4. What caused the Cambrian explosion? Within the various layers of the geologic time scale model is the Cambrian period (about 542 million years ago) when animal life ?exploded.?  Over a period that lasted about 20 million years, the world?s fauna diversified from simple beginnings into something resembling the modern complex variety.  Annelids, arthropods, brachiopods, echinoderms, mollusks and the ancestors of the vertebrates all made their sudden appearance.  Why?  Most biologists contend that animals crossed some sort of evolutionary threshold at the beginning of the Cambrian period, which led to the increasing complexity of life.  But the explanation as to why is multi-faceted and complex.  There is no significant consensus to explain this phenomenon in the geologic record.  That it occurred is clear; why it did is not so clear.
  5. Why does time pass? At first, this seems to be an odd problem, but the issue is central to the Einsteinian universe, the model almost everyone accepts as an accurate model.  Why does time have direction?  Why can we not ?remember the future??  Einstein?s theory of relativity demonstrated that to explain gravity one must stop thinking of space and time as being distinct.  For him the universe?s fabric is a four-dimensional composite of both, a ?space-time continuum.?  Time is therefore not only ?malleable, but manipulable.?  The recent movie ?Interstellar,? for example, with its ?wormholes? that link (as a ?corridor?) distant parts of the space-time continuum, was based on this entire theory.
  6. What is consciousness? Consciousness is not only a property of having a complex brain, but it is at the heart of human uniqueness.  To a degree, consciousness can be measured (it is objective), but is also subjective?it cannot be measured.  Are chimpanzees conscious?  Dogs?  Codfish?  Bees?  We cannot ask these various forms of life that question, so we really do not know.  Further, we really ?cannot take a human being inside the mind of another human being.  The hard problem may thus turn out to be the impossible problem, the one science can never solve.?

Several of these questions are highly technical and often difficult to totally understand.  But each one demonstrates the need for a deep humility when it comes to science.  Because humans are finite, several of these questions may ultimately be unanswerable.  So, should such questions drive us, as humans, to God?  Perhaps that is the most important question of all.  The Bible declares forcefully and clearly that humans are finite and are sinners.  That combination of finiteness and sin should cause humanity to stand in wonder at the universe from its vast expanses that the Hubble telescope is enabling us to understand more deeply to the complexity of the human body, including the matter of human consciousness.  We don?t have all the answers.  Perhaps, this side of the New Heaven and New Earth, we never will.  It seems to me that the obvious reality of our finiteness and our sin should drive us toward God.  He has revealed Himself to us?in both General and Specific Revelation; in His Word and His World.  Despite sin, we remain dominion stewards of God?s world (see Genesis 1:26ff and chapter 9).  We are to be ?creative cultivators? with God in His world.  He is delighted when we study His world, when we ask questions and probe to find answers.  These six questions posed by The Economist confirm two truths:  Humans are finite and limited by space, time?and sin.  They also confirm that God is infinite and transcendent.  He knows the answers completely and holistically to these six questions.  That we do not have complete, comprehensive answers demonstrates once again our need for Him.  His universe is wondrous, complex, majestic and glorious.  His creation does indeed ?declare the glory of God? (Psalm 19).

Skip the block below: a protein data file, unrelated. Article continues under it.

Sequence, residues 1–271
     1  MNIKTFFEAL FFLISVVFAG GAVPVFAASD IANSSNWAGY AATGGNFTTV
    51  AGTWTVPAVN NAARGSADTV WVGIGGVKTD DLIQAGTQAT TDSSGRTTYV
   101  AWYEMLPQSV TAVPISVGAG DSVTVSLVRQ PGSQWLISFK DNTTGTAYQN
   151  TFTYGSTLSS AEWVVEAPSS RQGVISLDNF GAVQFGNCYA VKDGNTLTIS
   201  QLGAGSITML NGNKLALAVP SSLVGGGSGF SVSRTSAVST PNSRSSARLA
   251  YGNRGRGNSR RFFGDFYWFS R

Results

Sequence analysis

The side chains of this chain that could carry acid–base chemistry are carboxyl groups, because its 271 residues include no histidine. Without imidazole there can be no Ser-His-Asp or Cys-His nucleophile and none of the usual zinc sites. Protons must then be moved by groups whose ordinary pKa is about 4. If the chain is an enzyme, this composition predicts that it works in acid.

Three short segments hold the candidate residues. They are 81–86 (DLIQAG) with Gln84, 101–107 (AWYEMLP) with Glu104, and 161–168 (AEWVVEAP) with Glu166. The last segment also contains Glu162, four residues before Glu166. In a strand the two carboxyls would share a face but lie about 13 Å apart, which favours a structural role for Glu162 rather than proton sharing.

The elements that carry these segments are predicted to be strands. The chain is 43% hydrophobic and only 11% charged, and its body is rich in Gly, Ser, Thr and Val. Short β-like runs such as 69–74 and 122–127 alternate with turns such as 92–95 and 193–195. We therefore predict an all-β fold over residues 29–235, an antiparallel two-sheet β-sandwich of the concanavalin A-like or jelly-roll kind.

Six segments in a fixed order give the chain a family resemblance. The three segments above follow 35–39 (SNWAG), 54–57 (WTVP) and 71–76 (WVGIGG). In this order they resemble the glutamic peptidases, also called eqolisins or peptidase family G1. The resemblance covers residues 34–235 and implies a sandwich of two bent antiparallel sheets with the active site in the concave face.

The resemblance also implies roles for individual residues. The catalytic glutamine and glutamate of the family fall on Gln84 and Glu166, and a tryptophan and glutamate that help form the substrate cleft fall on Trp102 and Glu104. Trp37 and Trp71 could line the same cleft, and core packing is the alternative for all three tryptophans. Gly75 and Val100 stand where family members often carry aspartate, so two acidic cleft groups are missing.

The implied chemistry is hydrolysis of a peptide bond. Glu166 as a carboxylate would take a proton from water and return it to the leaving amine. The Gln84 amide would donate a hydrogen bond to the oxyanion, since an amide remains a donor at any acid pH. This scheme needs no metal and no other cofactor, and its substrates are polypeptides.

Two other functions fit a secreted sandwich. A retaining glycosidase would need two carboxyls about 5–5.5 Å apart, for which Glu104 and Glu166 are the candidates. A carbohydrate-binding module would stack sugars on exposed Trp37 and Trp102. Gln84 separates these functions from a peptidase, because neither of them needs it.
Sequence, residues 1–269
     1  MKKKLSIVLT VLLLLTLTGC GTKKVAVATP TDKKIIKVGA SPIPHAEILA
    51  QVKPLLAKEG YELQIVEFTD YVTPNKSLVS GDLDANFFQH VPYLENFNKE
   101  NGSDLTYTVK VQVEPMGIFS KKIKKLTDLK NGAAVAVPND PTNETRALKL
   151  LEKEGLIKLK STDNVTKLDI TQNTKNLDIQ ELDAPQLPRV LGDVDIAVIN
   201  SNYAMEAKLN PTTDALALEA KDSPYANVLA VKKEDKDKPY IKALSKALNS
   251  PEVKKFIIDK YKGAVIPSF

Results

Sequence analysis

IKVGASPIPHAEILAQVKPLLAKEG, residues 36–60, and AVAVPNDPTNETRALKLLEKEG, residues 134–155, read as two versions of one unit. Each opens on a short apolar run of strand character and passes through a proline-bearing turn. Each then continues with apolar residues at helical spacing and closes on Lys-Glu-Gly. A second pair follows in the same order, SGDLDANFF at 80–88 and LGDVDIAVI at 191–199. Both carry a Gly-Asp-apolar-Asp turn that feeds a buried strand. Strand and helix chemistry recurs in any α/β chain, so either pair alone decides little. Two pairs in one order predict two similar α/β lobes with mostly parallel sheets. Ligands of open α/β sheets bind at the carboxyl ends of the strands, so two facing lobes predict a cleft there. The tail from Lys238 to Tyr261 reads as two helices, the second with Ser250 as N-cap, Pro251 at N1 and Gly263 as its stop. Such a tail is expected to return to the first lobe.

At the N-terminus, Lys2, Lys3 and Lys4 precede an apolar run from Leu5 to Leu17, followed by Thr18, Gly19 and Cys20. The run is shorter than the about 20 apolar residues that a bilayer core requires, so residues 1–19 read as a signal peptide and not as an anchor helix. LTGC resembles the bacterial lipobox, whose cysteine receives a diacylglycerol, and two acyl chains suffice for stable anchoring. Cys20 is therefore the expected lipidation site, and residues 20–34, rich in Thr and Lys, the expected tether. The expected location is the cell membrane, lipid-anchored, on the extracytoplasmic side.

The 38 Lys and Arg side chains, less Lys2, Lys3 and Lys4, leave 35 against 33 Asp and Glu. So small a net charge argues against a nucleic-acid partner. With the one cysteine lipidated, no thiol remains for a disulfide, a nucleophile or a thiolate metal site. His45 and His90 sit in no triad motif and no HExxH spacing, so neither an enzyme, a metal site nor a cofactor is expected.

See The Economist (8 August 2015; 15 August 2015; 22 August 2015; 29 August 2015; 5 September 2015; and 12 September 2015). PRINT PDF

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One Comment to “The Unanswered Questions of Science”

  1. Enesh says:

    These science questions are, ever arises in my mind but still have not getting any proper answer.